Electronics Principles V11

Clive W. Humphris

RADIO AND COMMUNICATION: AM Radio Transmitter Block Diagram.  


AM is an abbreviation for Amplitude Modulation. The AM radio transmitter is the collection of circuits that generate the electromagnetic waves that convey our messages to receivers. The simple diagram contains all the blocks necessary to make this happen. Beginning with the input as a tiny signal from the microphone this is first amplified and then mixed with the output from the Variable Frequency Oscillator (VFO). This combined voltage signal must then be amplified and sent as much more powerful signal with an output impedance suitably matched to drive the antenna.

The output is always a sine wave with a constant frequency for that transmission, called a carrier. Onto this is modulated our audio signal. The purpose of the carrier is to provide a means of transferring audio frequency signals which by themselves do not radiate as electromagnetic waves, whereas the higher frequency of the carrier does, extremely effectively.

There are several methods of modulating this carrier, but for now we will only consider amplitude modulation. This means the carrier frequency remains constant, but the mixed audio signal causes this to be varied in amplitude. This is the loudness of the received speech. The frequency of the audio signal continually varies as we speak and this shows as longer or shorter duration of the modulation envelope, where higher speech frequencies cause the modulation to occur much faster than lower frequencies.

Microphone is a device that outputs electrical energy from input sound energy.

The force of the speech causes a transducer i.e. moving coil or crystal to output a small voltage that varies in both amplitude and frequency in direct relation to the level and frequency of the speech.

The output from the microphone is at a very low level, no more than a volt in amplitude.

The audio amplifier increases that amplitude to a sufficient level suitable for modulating the carrier waveform. A low pass audio filter is required as part of this circuit to severely limit any frequencies above 3kHz. This narrow range of audio frequencies is sufficient for intelligible speech.

The modulator has two inputs, one the carrier which is a sine wave of relatively high frequency (1 to 500MHz) and generated by the Variable Frequency Oscillator and the other the amplified audio (speech) signal.

The modulator is a circuit that outputs a signal that is a combination of the two. This means the high frequency carrier now includes the audio information (having a ride).

Variable Frequency Oscillator is a frequency generator and produces a carrier at the desired wavelength for transmitted signal, between 1MHz and 500MHz. It's always a pure sine wave. Any errors here mean the signal transmitted could fall outside the allocated radio bands. In practice this method of an amplitude modulated output is not actually used, because it is extremely inefficient, but forms basis of all radio transmissions and so its important to understand the principle of using one carrier to transport the wanted audio signal to the receiver(s) antenna.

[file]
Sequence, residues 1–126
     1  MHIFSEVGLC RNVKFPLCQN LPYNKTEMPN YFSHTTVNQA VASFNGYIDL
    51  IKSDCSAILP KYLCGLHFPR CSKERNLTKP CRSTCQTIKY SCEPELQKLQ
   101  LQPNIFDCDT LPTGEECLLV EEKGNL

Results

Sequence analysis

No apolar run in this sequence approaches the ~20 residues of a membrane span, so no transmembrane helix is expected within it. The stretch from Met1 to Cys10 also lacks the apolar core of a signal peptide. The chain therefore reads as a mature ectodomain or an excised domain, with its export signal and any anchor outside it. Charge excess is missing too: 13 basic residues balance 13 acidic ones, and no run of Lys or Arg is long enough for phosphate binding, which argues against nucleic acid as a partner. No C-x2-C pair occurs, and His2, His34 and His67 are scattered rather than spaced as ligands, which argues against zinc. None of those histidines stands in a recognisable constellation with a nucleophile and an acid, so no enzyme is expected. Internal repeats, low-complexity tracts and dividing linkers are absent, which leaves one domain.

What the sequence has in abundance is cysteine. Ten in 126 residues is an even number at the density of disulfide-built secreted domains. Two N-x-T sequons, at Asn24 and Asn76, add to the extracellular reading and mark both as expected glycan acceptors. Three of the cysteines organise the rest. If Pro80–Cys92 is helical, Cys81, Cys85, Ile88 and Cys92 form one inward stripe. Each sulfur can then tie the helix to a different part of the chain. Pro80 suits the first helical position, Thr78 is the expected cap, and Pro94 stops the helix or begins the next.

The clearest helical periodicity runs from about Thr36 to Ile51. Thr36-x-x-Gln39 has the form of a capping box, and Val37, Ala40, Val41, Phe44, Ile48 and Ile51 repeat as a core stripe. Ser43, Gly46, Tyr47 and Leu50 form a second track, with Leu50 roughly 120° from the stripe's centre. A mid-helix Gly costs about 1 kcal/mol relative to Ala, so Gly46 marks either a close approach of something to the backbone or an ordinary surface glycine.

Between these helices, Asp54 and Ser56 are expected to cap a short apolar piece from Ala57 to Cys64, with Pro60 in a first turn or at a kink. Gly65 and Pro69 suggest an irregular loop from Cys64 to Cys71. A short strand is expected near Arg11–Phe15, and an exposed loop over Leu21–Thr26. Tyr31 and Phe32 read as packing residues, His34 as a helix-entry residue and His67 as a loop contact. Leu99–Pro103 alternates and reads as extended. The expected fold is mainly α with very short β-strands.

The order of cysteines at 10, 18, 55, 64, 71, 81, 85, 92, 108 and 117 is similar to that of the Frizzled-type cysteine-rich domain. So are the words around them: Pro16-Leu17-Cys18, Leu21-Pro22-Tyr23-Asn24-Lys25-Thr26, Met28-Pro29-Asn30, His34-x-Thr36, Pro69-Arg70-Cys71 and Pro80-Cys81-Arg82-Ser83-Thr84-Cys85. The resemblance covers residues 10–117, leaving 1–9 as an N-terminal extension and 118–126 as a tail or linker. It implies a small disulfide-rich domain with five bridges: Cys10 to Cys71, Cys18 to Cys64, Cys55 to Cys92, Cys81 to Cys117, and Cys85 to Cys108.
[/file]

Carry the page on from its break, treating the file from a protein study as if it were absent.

It is extremely important that the output frequency, which is continuously variable by the user controls, once selected remains stable and various methods are used to ensure this. These range from switched crystal oscillators to digital frequency synthesisers. Accurate calibration of the VFO is an important part of using your rig. This is one area of the transceiver circuit where the difference between the budget and top of the range rigs will be clearly identified.

The input i.e. output from the modulator (audio modulated carrier) will usually be a voltage waveform with very little current (fairly high impedance), however the signal for driving the antenna must contain electrical power, most likely a low voltage with lots of current (low impedance), depending upon the design of the power amplifier.

Radio Frequency (RF) amplifier is similar to an audio amplifier where a small voltage drives the cone of a heavy loudspeaker via a powerful amplifier capable of developing lots of watts, except in this case its at a much higher RF (Radio Frequency). To limit the transmitter output to those frequencies in the desired transmission band, a low pass filter is incorporated, thereby cutting off any frequencies outside those permitted.

Transmitter Antenna provides the electromagnetic interface between your rig and the outside world. To be effective it has to be designed to match the output impedance of the transmitter to maximise on the efficiency of the power output and also physically constructed so as not cause obstructions or interference with other electrical equipment.

This is greatly simplified here, but helps to explain the operation of an antenna. When transmitting, consider the antenna as a transformer operating at a high frequency. The current changes in the carrier sine wave will cause a 'magnetic' field to build up around the dipole that will radiate outwards. This magnetic radiation can be picked up by ferrite rod aerials tuned to the same frequency as the ferrite provides an easy path for the magnetic flux which is then converted to a weak voltage input signal at the receiver through the aerial coil winding. The voltage (electrical) fluctuations will be similarly collected by any tuned dipole. An antenna tuned to the same frequency will cause tiny currents to travel down the feeder to the RF input stages of the receiver, thereby developing the voltage input signals, which are then amplified and demodulated.

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